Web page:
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übershopper

noun; compounding
a consumer who habitually shops and masterfully finds bargains in order to purchase merchandise. These people are the base of the American consumer economy due to their frequent, passionate bouts of shopping such that they are obsessed with finding the best deals and exhibit a level of expertise and talent at shopping. ‘Über’ is a borrowed German prefix that can be glossed as super or over. It is a popular prefix that gained popularity in the 1990s in various phrases and compounds like übercool, used to describe something that is very cool, in an interesting, awesome sense. The writer wanted to use a unique, relatively new prefix to demonstrate the new wave of shoppers that support and balance the American consumer market. The writer easily could have used a prefix like ‘super’ and ‘hyper’ to generate the novel formations ‘supershopper’ or ‘hypershopper.’ However, the writer probably felt that ‘super’ and ‘hyper’ were tacky, overused remnants of trite words. To the writer, über was a fresh, contemporary prefix that could inventively articulate the advanced, talented abilities of frequent, knowledgeable shoppers. ‘Über’ acts as an intensifier to demonstrate the extreme, professional quality of a new class of shoppers. The writer felt compelled to coin this new word to describe a new concept of shoppers who account for a large portion of the American consumer market such that they exercise much economic power and act as the foundation of the market economy. In the current English lexicon, there is no word that adequately describes masterful, prominent shoppers that constitute a grand portion of the market. However, there are a few words and phrases like ‘shopaholic’ or ‘maniacal addicted shopper’ that do not seem suitable for the article’s purpose in describing a certain group of people who use their expert purchasing power to sway the market during the holiday season. As a result of this void in the English vernacular, the author felt compelled to combine two roots to form a neologism.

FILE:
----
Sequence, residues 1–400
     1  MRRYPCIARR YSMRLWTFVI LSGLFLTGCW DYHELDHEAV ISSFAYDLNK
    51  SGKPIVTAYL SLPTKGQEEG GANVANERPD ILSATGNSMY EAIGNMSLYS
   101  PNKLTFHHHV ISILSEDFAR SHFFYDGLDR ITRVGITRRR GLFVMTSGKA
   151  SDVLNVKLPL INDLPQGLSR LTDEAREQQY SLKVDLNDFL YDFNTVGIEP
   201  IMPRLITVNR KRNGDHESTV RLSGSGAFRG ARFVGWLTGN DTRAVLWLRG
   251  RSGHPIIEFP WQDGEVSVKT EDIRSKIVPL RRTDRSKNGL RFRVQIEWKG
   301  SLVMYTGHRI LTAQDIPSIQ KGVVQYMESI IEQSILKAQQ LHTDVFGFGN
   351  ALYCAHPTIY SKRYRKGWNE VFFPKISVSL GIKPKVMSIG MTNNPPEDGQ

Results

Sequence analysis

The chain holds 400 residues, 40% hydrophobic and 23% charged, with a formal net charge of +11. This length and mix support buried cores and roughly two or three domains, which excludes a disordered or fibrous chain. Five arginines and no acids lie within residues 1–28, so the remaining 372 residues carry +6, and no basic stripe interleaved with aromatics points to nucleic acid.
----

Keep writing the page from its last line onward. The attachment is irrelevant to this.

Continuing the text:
For the übershoppers who anchor our consumer society, that’s no big deal.
Etymology : Compound of über (over, above; outstanding, supreme) and shopper
Source : Houston Chronicle
Last modified: 10 June 2008


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